Ah, summer. Wearing shorts, sitting under a striped umbrella or the patio of my favorite restaurant, eating nachos and sipping something cold, my writer friends and I knew we could solve all the writing problems in the world. Then the topic of character development came up.
Some of the group, like me, were plotters. A couple of the others were pansters. And one poor person was a wide-eyed newbie who was in the process of discovering that even writers who had been in the business for a while, don’t have any magic beans, which when planted, will grow the perfect story.
If you’re not familiar with plotters versus pansters, a plotter is someone who does a lot of thinking and planning before even writing Chapter 1. A panster writes by the seat of her pants. She sits down with no more than, I want to write a story about a missing eight-year old girl, and she’s off and running.
After a good bit of wandering discussion about characters we had known and loved, we challenged each other to come up with a character capsule kit, a short list that would be doable by both plotters and pansters. Each person submitted one essential thing they had learned about character development from another writer.
So here it is: the fueled-by-nachos-on-Earl’s-patio-instant-character-development capsule. The name of the writer who gave us the idea is in parenthesis.
Dominant impression: two words—one adjective and one noun—that summarize the character. The noun is not the same thing as a profession, but may indicate a role similar to that profession. Or it might relate to something totally separate from what the person does for a living. Example: a cop might be a disillusioned protector. (Debra Dixon)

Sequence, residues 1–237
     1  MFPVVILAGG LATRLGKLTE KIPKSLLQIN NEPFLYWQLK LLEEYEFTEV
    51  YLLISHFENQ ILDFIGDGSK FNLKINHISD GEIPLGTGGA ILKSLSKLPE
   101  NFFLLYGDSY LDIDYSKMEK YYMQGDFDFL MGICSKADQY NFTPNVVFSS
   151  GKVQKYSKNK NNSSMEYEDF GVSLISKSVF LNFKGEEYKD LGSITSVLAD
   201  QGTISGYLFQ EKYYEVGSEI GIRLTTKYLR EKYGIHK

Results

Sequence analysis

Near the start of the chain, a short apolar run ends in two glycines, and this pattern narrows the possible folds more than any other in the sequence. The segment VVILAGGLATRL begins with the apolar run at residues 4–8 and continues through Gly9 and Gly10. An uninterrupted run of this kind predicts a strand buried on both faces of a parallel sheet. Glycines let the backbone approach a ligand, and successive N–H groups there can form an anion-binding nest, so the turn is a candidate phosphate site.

Tag line: One sentence that describes the character’s main motivation Example: the tag line for Dorothy in the Wizard of Oz is There’s no place like home.(Debra Dixon)
Flawed life view: How has the character got it wrong about life and/or relationships? Example: he thinks he’s allowed to give to other people, but not take for himself. (Liz Lounsbury)
Line he/she believes they will not cross: What is the one thing the character is convinced he/she will never do? What happens in this book when they cross that line? Example: She’ll never tell who really financed her college education and why. When she does tell, the police reopen a cold case, and her mother is suspected of murder. (Donald Maass)
What jobs does this character have? In other words, why is she/he in this book? All characters should ideally have at least 3 or more jobs. If you have a character with less than three jobs, think about giving those jobs to other characters. Example: 1) Second murder victim, 2) He saw Carla on River Road last Friday night, 3) He’s the one who has been cooking the books at the dot-com company. (Carolyn Wheat)
Writing quote for the week:
Good secondary characters raise the bar for the protagonists. They force the protagonists to become stronger in order to prevent the secondary characters from taking over the book.”
~From the panel “Writing Two Characters,” Bouchercon 2003